Anyways...The speakers actually fold out from a hinge on its self-enclosed case. This protects the speakers and allows you to transport the set without fear of damaging the components. The back of the unit (once unfolded) shows a AC input for the included adapter, line-in audio (for aux input or for older iPods), and a line-out for earphones (I guess if your older iPod's line-out is taken up with the adapter. 3rd Generation iPods don't have to worry about this as the sound is carried through the cradle).
So I plugged it in, dropped the iPod onto the dock-like connector on the base of the speakers. The front of the unit has a power button, as well as +/- volume buttons. These were a nice touch, but it would also have been helpful to have play/pause and forward/reverse buttons on the inMotion. As there are none, these actions must be done on the iPod. Not too big of a problem, but sitting on a desk, it's kind of at a weird angle, so navigating the iPod's menu (again, everything except volume) is a little awkward, as using your forefinger isn't as natural as using your thumb when your iPod is in the palm of your hand.
Another issue with the angle of having the unit upright on the desk (essentially the same angle as sitting in the cradle that comes with the iPod) is viewing angle. No big deal when connected to your computer, as you can control everything through iTunes. But without, I had to turn the contrast all the way up to be able to read the screen when it's sitting in the cradle. No biggie.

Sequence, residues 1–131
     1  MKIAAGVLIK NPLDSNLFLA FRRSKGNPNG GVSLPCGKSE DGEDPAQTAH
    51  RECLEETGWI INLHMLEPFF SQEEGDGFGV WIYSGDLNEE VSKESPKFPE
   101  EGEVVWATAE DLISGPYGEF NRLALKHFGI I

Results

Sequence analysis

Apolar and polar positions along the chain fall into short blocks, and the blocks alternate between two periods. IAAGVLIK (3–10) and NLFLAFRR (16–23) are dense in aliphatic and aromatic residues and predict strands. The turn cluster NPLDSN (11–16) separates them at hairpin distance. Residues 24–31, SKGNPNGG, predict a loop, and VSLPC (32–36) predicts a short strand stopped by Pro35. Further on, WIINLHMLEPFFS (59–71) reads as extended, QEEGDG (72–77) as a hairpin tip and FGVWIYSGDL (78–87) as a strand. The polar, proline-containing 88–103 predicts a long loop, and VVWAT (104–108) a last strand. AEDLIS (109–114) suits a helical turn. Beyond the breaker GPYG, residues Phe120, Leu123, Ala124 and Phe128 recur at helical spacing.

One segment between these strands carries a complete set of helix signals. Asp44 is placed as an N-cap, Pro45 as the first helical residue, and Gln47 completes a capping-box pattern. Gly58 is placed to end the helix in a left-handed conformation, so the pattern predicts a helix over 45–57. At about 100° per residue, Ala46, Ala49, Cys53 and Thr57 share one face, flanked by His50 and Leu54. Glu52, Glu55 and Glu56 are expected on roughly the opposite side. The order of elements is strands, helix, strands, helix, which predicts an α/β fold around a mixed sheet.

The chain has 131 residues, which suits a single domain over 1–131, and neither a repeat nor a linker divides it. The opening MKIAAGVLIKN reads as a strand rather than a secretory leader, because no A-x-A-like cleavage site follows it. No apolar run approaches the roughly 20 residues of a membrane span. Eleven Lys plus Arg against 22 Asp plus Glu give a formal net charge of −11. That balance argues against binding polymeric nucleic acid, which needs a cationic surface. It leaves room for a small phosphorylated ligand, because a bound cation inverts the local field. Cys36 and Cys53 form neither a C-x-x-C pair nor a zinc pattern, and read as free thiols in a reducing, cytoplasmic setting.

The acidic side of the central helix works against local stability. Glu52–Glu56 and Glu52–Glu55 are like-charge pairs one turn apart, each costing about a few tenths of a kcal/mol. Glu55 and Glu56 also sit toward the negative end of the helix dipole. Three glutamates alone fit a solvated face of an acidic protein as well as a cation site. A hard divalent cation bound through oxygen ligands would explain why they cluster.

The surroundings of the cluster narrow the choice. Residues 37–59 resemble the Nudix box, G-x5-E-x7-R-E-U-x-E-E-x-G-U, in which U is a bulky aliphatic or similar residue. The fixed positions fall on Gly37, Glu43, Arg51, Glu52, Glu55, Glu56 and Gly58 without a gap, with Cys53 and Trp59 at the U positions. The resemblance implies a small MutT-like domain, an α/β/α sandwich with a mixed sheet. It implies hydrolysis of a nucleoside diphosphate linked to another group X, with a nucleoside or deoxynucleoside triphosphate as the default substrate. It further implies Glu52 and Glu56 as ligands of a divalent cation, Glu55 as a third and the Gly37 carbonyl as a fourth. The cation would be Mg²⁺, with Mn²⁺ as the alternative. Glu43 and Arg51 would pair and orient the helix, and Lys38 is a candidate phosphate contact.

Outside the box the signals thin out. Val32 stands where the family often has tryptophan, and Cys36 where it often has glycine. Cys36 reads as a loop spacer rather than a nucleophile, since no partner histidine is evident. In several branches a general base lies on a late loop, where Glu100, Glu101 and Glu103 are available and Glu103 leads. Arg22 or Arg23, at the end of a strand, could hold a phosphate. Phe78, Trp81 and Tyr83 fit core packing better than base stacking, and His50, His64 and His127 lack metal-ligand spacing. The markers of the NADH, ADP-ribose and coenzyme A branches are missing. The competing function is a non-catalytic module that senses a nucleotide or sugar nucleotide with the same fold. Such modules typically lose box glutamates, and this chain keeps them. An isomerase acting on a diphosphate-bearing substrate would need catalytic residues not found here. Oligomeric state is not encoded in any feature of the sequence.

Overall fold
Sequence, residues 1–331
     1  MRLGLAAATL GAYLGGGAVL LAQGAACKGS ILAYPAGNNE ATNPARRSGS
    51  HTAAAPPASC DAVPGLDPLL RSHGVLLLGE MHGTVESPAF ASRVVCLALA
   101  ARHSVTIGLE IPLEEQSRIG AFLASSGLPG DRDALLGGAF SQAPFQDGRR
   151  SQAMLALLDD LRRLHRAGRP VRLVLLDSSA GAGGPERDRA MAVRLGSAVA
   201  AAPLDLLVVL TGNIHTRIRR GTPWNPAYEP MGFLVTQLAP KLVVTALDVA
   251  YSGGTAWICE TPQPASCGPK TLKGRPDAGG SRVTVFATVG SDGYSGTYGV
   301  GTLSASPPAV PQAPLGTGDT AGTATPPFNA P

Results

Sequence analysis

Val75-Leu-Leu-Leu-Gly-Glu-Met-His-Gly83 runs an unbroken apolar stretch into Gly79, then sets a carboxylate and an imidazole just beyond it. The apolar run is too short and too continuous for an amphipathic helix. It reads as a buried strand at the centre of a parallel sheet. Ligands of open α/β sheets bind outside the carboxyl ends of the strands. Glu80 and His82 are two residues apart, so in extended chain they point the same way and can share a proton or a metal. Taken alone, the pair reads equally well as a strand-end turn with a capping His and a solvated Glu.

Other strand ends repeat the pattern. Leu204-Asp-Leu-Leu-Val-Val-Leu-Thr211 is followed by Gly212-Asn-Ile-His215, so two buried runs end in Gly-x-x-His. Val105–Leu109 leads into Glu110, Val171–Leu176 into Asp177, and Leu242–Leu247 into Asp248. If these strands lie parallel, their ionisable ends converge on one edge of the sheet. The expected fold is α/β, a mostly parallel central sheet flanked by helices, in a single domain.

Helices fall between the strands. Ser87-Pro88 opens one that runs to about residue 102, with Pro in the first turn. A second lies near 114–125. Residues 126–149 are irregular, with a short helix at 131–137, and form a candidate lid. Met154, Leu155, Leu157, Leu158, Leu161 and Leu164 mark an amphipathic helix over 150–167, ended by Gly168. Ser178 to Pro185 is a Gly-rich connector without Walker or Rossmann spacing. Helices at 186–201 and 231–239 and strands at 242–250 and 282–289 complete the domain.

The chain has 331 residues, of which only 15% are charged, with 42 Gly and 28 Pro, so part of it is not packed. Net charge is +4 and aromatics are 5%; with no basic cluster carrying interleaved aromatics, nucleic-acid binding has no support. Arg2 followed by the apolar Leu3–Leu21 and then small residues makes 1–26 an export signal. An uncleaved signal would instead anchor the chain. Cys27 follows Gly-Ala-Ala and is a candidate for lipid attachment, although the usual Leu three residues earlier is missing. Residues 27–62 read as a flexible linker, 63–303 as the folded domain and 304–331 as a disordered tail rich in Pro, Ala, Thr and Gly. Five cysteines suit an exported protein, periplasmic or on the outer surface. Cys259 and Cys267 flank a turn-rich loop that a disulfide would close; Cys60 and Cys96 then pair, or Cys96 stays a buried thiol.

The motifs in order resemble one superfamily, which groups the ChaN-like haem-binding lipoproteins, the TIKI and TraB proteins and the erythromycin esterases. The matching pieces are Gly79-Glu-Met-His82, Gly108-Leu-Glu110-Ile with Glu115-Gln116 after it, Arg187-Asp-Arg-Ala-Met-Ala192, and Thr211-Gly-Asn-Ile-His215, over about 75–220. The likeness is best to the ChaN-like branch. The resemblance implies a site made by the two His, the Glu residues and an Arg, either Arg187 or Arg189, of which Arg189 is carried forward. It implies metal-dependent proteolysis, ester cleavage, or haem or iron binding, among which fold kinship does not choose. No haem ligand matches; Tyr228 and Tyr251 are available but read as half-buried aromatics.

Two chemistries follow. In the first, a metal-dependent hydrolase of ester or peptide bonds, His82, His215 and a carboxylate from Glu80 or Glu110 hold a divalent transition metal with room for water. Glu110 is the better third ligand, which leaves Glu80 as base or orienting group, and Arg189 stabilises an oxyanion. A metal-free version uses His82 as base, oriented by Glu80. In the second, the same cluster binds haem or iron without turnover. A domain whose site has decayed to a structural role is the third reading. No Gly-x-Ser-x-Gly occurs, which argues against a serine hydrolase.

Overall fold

Sound is very nice for something this size. The specs from the site are:
# Total Continuous Power: 4 Watts RMS
# Front Speakers: 2 Watts/channel @ 8 ohms @ 10% THD @ 20 - 20000 Hz 2 Channels
# System Response: 60 Hz - 20 kHz
# Signal to Noise Ratio @ 1 kHz input: > 75 dB
# Drivers (per Satellite): Four 1" full-range neodymium Micro Drivers
Whatever. I'm no audiophile or engineer, so these numbers don't mean a whole lot to me. For a clock radio type replacement, this is a great solution. Nice sound, good volume (goes higher than I'd want to at the office), and small size so it doesn't take up too much precious desk space.
The only complaint I have as far as sound is that the speakers are so close together and are not detachable, so you really can't isolate the left and right channels, so don't expect a surround-sound experience from this. The higher you can turn it up, and the farther you can get from it, the less of an issue this becomes, but at low volume and about three feet from my head, it's pretty noticeable.
Overall a good product. Only real gripe is the price. Yeah, I knew what it cost before I bought it, but it's a little steep for what you get. If you've got the money - great - buy it. It would be a lot more palatable in the $75-$100 price range. Taking into account the portability takes some of the sting out of it. No questioning the quality, but if you start into a cost/benefit analysis, the shine starts coming off a little bit. Besides, tight integration with hardware/software is part of the reason I moved (back) to the Mac platform a while back...and I understand you pay somewhat of a premium for that.
All-in-all, both are great products that I would highly recommend. But as with everything, YMMV and you must do your own research to figure out what best fits your needs.